Intel develops teraflop chips

Intel has designed a computer chip that promises to perform calculations as quickly an entire data center – while consuming as much energy as a light bulb.

The world’s biggest chipmaker said on Sunday it developed a programmable processor that can perform about a trillion calculations per second, or deliver a performance of 1.01 teraflops. It accomplishes this feat while consuming 62 watts of power when the chip is running at a frequency of 3.16 gigahertz.

A similarly powerful supercomputer in 1996 at Sandia National Laboratories took up more than 600 square metres, used nearly 10,000 Pentium Pro processors, and consumed more than 500 kilowatts of electricity.

Intel’s latest chip is still in the research phase, but it marks an important breakthrough for an industry obsessed with obtaining the highest amount of performance for the lowest energy consumption.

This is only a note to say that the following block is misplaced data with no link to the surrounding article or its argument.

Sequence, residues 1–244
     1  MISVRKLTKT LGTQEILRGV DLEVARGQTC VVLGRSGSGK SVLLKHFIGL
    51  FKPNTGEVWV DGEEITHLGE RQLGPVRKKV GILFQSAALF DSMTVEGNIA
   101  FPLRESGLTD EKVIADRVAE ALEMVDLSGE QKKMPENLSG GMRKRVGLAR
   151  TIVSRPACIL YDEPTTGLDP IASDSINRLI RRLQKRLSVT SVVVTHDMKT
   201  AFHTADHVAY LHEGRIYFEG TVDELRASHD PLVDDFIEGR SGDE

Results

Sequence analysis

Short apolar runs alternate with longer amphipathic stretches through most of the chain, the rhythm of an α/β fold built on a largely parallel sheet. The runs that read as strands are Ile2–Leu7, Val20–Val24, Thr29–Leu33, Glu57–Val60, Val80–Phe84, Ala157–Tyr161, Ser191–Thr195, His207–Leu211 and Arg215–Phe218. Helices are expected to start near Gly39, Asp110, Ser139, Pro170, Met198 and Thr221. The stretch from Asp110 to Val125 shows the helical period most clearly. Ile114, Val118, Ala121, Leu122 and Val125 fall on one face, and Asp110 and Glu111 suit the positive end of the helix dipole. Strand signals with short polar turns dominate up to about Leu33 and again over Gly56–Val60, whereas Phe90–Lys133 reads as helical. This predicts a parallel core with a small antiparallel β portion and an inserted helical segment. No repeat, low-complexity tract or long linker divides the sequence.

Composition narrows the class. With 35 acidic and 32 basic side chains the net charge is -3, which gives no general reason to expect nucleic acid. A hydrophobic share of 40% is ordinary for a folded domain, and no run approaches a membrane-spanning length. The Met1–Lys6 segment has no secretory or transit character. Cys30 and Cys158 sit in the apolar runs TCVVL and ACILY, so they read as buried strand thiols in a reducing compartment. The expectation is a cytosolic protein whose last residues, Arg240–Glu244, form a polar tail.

Technology experts praised Intel for devising a clever way to get 80 core calculating engines onto a single slice of silicon.

The cores used on the research chip are much smaller and simpler than those used in Intel’s latest line of chips, which have two or four cores. The research chip has 100 million transistors on it, about one-third the number on Intel’s current line of chips.

The first uses for the chips would likely be in corporate data centers, supercomputers, communications infrastructures and for heavy-duty financial and scientific research.

Source: SMH

Related Links: Intel Corporation, Intel @ Wiki

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